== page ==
BFS technology has great potential in the field of biopharmaceutics because of reduced human intervention during the production
process, convenience, and ease of use offered by its final product in plastic ampul form. The operating conditions of the
BFS process and the nature of plastic ampuls pose many challenges to the stability of biopharmaceutical drug products. Biopharmaceuticals
may experience elevated temperature during the BFS process. CFD could be a useful tool for better understanding the temperature
dynamics during the BFS operation. The unique aspects of BFS operation call for a balanced empirical and systematic approach
during process development and process validation.
Finally, the BFS process may not be suitable for many proteins, especially large, complex proteins with multiple sites for
activity and proteins that are highly temperature-sensitive. In addition, chemical extracts or leachates from the direct
contact between the product and the primary container, as well as volatile chemicals from secondary packaging layers could
act as adjuvants in stimulating an immune response in the patient, which would be of particular concern if the product were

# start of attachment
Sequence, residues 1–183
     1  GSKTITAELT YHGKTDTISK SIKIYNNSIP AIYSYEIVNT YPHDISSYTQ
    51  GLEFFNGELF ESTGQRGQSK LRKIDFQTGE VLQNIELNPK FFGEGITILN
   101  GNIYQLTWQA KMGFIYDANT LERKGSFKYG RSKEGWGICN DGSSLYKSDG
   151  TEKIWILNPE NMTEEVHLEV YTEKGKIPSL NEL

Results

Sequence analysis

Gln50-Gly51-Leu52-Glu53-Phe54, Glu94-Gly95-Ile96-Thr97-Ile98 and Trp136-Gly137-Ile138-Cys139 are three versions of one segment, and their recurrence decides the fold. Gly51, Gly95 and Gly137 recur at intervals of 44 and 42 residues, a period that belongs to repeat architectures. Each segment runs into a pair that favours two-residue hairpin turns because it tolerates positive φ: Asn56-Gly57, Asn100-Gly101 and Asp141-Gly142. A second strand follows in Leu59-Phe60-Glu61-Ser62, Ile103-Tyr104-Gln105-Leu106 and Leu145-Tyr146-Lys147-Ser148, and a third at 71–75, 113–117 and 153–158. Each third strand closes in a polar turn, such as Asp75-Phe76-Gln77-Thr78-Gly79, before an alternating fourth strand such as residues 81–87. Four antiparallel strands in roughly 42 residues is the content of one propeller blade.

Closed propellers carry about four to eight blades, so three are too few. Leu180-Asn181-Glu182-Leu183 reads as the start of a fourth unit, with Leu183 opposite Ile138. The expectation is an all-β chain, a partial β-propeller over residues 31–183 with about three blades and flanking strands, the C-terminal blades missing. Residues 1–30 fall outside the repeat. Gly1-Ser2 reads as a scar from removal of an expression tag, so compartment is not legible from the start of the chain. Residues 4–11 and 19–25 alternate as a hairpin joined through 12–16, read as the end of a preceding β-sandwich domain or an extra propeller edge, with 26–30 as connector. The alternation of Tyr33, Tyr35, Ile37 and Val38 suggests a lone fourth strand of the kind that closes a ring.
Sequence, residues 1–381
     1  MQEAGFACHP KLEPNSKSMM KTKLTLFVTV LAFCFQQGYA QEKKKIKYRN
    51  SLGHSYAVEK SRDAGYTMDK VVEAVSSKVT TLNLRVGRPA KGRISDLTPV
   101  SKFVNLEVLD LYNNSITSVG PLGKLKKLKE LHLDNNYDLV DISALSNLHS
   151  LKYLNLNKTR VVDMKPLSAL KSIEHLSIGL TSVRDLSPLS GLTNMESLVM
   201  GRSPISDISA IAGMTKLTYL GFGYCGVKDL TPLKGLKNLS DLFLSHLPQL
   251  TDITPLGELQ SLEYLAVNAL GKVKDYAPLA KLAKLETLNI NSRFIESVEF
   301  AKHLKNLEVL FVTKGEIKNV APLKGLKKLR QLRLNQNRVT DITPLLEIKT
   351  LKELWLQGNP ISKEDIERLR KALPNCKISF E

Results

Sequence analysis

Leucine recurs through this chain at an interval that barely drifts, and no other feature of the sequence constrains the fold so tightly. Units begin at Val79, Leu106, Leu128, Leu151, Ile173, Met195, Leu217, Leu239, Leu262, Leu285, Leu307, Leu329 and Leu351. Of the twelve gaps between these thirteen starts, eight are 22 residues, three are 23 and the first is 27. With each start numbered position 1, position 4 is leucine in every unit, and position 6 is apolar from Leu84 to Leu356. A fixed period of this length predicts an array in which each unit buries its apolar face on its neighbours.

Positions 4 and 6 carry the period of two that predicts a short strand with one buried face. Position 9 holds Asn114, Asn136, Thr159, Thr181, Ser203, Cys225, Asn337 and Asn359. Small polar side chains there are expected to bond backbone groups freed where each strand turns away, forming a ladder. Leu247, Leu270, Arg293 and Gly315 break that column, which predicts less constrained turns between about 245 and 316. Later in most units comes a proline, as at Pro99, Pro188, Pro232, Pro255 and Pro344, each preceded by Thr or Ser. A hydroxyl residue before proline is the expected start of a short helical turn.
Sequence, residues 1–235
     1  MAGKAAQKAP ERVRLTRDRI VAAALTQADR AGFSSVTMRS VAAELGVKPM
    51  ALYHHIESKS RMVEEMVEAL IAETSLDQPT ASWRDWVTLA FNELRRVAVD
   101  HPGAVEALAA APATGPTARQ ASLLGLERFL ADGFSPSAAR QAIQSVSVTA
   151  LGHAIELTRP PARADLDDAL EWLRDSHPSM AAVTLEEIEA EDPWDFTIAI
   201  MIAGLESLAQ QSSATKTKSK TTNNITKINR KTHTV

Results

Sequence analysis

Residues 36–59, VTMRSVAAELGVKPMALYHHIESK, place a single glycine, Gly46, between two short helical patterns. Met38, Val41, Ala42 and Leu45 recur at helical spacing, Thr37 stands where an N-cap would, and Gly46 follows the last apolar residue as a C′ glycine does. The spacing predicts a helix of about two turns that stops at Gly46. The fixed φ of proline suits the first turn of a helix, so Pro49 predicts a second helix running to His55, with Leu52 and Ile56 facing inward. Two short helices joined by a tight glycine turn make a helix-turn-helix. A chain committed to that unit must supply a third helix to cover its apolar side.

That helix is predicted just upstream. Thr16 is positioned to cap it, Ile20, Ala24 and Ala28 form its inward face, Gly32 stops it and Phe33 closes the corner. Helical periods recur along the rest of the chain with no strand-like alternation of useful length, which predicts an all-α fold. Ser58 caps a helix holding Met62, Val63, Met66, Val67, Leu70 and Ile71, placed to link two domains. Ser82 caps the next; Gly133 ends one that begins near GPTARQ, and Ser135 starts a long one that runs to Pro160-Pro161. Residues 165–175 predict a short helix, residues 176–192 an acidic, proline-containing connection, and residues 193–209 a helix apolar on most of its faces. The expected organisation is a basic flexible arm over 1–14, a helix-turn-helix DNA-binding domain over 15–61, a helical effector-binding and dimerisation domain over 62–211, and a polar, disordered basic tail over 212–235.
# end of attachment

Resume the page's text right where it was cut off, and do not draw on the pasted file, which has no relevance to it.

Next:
to be injected subcutaneously. These factors should be evaluated and addressed in the early-development phase if plastic ampuls
are selected as the product containers.
1. S.J. Shire, "Stability Characterization and Formulation Development of Recombinant Human Deoxyribonuclease I [Pulmozyme
(Dornase Alpha)]," in Formulation, Characterization and Stability of Protein Drugs: Case Histories, R. Perlman, and Y.J. Wang, Eds. (Plenum Press, New York and London, 1996) pp. 393–426.
2. R. Oschmann, and O.E. Schubert, Eds, Blow-Fill-Seal Technology, (CRC Press, Stuttgart, 1999).
3. N. Rathore, and R.S. Rajan, Biotechnol. Prog. 24 (3), 504–514 (2008).
4. F. Leo, P. Poisson, C.S. Sinclair, and A. Tallentire, PDA J. Pharm. Sci. Technol. 58 (3), 147–158 (2010).
5. European Commission, EU Guidelines to Good Manufacturing Practice. Annex 1, Manufacture of Sterile Medicinal Products (Brussels, Nov. 2008).
6. W. Whyte et al., PDA J. Pharm. Sci. Technol. 52 (3), 89–99 (1998).
7. B. Ljungqvist et al., PDA J. Pharm. Sci. Technol. 60 (4), 254–258 (2006).
8. FDA, Guidance for Industry. Sterile Drug Products Produced by Aseptic Processing— Current Good Manufacturing Practice (Rockville, MD, Sept. 2004).
9. M.H.V. van Regenmortel, K. Boven, and F. Bader, BioPharm Int. 18 (8), 36–50 (2005).
1 0. FDA, Guidance for Industry: Container Cosure Systems for Packaging Human Drugs and Biologics (Rockville, MD, May 1999).
11. EMA, Guideline on Plastic Immediate Packaging Materials (London, UK, May 2005).
12. C.J. Taborsky, E.B. Sheinin, and D.G. Hunt, Am.
Pharm. Rev. 9 (6), 146–150 (2006).